This is one in a series of posts where the content is provided by a guest who has graciously answered five questions about their experience as a Tolkien fan.
To see the idea behind this project, or if you are interested in sharing your own, visit the project homepage. If you enjoy this series, please consider helping us fund the project using the support page.
I want to thank Donato Giancola for allowing me to use his artwork for this project. Prints are available on his website!
Now, on to Jasper’s responses:
1. How were you introduced to Tolkien’s work?
I was perhaps 5 or 6 when my dad first started The Hobbit with me as a bed time story. We had an old set of all of the (then) published Middle-earth books bound in green leather and marbled card, and he would read for me every night. Once we finished The Hobbit, he began reading The Fellowship of the Ring, which might have been a little old for a 6 year old, but I loved it nonetheless. We moved on to The Two Towers when I was about 7, and I have the distinct memory of forgetting our copy when we went on holiday and my dad scolding me for forgetting it, but buying a cheap paperback version anyway so that we didn’t have to miss a week of Frodo’s journey.
2. What is your favorite part of Tolkien’s work?
When I was a child it was definitely the world he had built, the vastness and scope of the place that I felt fully immersed in, even during the long and unwieldy songs, and the Ent portions. As an adult, though, it’s got to be the linguistics. I actually chose to do my Masters degree in Historical Linguistics, with a focus on Old Germanic Dialects directly due to Tolkien’s own scholarship. Studying diachronic linguistics, then returning to the worlds and languages Tolkien created, you can really appreciate how much he loved both his academic and creative writing. The progression of Primitive Quendian to Common Eldarin, then to Quenya and Telerin, then down to Sindarin and all the different branches, is so organic. The detail with which he notes changes in phonology and morphology in The Etymologies is so exciting and mirrors his own studies into Proto-Germanic and its related dialects so beautifully. It’s hard not to get very nerdy about it right alongside him.
3. What is your fondest experience of Tolkien’s work?
The first Peter Jackson movie was released when I was 8, and my childhood best friend and I would spend hours in the fields around his house playing Rangers, fighting Orcs and speaking all the Elvish we could remember. We saw each other after school almost every day, and we didn’t stop playing our elaborate, dramatised Middle-earth games until we were 13.
4. Has the way you approach Tolkien’s work changed over time?
Absolutely. As I mentioned above, choosing to study linguistics in the same vein has given me a whole new respect for the world, languages and cultures that Tolkien created, however as an adult there are things now that I find wanting in that world. In many ways it was a product of its time (though it was as much a product of Beowulf’s time too) and as such there are limitations to the world-building that a current writer of Fantasy wouldn’t dare restrict themselves to. Fantasy nowadays without more than 2 or 3 women in an entire series feels off, as does a cast without representation beyond the White Brythonic/Norse cultures of Tolkien’s wheelhouse. I find now that as much as I love and respect Tolkien’s original works, I want people who are adapting and building upon his works to create something that better reflects those who are consuming it. Why should the beautiful, graceful races of Middle-earth be blonde haired and blue eyed? Why is it only ever the villains that are described in ways that evoke the cultures of People of Colour? Why should the sweeping romances be just between a man and a woman? In Tolkien’s day these things might have been out of the scope of most of his readers, but as seminal a work of Fantasy as he created in his world of Middle-earth, our world and its imaginations have grown exponentially, and any Fantasy should reflect that and take it in its stride. That’s one of the things I love about Tolkien’s work, though, it’s not difficult to imagine infinite different facets of life in Middle-earth. Whether that is Orcs really understanding what a ‘menu’ is, and therefore having a complex and nuanced culture of their own beyond being “villainous creatures”, or the truth of Dwarf women and the more complicated relationship Dwarves may have to sex and gender. There is so much more that Tolkien’s works can become when put in the diverse and variable hands of the people who love it.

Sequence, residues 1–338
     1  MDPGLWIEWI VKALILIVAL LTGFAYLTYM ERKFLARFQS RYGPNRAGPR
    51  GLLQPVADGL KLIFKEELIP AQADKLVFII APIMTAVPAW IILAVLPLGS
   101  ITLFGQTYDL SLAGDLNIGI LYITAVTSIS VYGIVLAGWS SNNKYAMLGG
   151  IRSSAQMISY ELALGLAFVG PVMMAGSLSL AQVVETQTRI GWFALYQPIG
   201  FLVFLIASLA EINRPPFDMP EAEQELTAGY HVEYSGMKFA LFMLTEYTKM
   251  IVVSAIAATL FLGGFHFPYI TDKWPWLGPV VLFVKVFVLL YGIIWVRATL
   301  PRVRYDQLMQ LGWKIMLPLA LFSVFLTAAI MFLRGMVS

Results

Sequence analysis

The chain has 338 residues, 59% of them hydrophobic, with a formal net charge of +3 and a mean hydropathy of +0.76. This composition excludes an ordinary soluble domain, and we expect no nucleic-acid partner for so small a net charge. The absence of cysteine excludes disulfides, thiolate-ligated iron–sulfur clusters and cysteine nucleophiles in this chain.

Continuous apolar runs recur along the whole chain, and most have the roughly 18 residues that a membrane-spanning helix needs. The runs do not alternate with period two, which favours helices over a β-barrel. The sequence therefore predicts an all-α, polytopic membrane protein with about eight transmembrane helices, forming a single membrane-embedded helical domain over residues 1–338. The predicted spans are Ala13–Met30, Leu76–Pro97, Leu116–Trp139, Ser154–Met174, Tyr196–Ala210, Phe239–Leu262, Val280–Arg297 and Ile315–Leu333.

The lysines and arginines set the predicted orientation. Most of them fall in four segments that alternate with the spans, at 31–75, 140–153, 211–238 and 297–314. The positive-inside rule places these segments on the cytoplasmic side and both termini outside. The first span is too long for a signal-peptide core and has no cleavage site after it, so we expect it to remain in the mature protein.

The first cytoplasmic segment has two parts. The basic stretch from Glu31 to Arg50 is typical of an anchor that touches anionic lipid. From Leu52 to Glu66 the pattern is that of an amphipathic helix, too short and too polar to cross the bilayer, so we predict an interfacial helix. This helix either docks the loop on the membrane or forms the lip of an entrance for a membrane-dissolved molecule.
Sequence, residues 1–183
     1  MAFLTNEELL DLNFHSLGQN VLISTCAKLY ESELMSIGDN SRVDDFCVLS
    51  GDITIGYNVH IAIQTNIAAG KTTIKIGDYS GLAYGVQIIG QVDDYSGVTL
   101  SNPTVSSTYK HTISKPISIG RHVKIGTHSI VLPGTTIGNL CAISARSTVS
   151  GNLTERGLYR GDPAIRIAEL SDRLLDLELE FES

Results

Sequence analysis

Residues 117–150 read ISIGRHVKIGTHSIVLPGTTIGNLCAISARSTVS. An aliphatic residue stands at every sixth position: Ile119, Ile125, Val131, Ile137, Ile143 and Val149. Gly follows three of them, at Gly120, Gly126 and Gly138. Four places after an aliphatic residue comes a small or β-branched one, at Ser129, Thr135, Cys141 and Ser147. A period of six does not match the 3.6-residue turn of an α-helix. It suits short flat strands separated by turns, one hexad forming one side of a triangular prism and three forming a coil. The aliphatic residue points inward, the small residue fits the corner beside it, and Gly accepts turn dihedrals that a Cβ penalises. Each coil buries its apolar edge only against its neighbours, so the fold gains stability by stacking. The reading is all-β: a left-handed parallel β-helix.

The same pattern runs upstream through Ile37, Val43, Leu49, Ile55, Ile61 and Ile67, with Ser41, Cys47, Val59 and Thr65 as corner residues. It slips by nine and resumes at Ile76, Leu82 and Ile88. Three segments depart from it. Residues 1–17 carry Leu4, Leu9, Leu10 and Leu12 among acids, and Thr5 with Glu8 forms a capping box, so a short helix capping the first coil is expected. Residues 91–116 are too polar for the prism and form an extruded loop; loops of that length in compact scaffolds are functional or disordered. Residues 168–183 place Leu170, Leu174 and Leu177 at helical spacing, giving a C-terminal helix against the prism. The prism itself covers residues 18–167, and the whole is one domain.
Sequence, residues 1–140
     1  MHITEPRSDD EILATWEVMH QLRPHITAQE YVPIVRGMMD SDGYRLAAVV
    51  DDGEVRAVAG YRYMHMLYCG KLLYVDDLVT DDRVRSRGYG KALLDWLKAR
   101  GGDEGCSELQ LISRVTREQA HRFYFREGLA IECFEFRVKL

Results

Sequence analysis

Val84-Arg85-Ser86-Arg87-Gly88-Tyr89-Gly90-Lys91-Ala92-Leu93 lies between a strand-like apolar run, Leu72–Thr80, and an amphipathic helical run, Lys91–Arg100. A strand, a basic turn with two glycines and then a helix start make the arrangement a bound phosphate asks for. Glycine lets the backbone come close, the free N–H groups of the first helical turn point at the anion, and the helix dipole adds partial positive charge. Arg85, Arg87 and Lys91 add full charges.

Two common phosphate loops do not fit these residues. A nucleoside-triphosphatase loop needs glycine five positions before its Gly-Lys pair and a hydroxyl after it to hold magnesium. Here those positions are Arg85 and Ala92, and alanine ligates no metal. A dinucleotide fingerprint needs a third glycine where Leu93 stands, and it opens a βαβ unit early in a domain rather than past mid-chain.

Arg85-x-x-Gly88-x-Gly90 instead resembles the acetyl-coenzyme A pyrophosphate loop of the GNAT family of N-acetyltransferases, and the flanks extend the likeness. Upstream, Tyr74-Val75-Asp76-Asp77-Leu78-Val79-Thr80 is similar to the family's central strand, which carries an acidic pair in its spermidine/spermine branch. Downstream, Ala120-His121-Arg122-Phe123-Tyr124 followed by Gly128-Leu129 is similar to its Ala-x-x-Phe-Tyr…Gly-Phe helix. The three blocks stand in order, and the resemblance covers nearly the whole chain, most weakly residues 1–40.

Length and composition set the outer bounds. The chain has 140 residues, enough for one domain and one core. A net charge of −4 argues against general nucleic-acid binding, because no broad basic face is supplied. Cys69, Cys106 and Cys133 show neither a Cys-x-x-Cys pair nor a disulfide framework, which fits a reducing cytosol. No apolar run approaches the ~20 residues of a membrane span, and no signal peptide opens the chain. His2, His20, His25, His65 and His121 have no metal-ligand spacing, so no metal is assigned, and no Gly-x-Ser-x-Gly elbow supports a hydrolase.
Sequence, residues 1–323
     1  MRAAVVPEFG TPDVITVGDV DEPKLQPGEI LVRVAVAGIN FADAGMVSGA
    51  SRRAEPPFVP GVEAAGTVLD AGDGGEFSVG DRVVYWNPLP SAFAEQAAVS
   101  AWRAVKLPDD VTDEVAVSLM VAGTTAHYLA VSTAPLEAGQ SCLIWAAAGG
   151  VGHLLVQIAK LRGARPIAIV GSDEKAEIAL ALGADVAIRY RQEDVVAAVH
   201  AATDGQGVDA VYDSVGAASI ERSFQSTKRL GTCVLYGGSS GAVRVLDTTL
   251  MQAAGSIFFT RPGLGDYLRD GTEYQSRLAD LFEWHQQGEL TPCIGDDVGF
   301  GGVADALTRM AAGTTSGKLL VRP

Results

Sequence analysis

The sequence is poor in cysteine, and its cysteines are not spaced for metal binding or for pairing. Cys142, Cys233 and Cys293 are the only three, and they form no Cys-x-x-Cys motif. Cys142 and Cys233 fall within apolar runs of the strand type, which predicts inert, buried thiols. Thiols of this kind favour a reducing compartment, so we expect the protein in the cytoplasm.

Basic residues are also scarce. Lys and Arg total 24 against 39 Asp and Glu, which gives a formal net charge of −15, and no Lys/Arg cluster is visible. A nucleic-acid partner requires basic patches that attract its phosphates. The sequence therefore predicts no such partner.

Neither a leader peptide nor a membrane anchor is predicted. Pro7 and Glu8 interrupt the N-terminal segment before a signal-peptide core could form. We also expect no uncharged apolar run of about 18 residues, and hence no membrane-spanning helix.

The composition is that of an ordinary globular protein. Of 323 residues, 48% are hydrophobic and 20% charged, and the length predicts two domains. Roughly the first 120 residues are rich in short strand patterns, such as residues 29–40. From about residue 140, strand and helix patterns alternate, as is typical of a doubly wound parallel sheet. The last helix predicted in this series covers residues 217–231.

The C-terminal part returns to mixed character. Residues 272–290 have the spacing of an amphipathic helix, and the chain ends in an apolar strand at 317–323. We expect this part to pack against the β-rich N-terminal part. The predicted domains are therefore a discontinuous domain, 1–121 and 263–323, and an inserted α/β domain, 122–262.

5. Would you ever recommend Tolkien’s work? Why/Why not?
Yes, but I understand that it’s not everyone’s cup of tea. I would love people to love Tolkien as much as I do, but there is so much more Fantasy written now that is more engaging, easier to read, and better reflects its readers. Perhaps dipping a toe into Middle-earth might be appropriate for people who want the linguistics or the history, or just to see how newer Fantasy has been shaped by the success of Tolkien’s works, but I don’t think it’s necessarily an accessible, ‘one size fits all’ kind of Fantasy.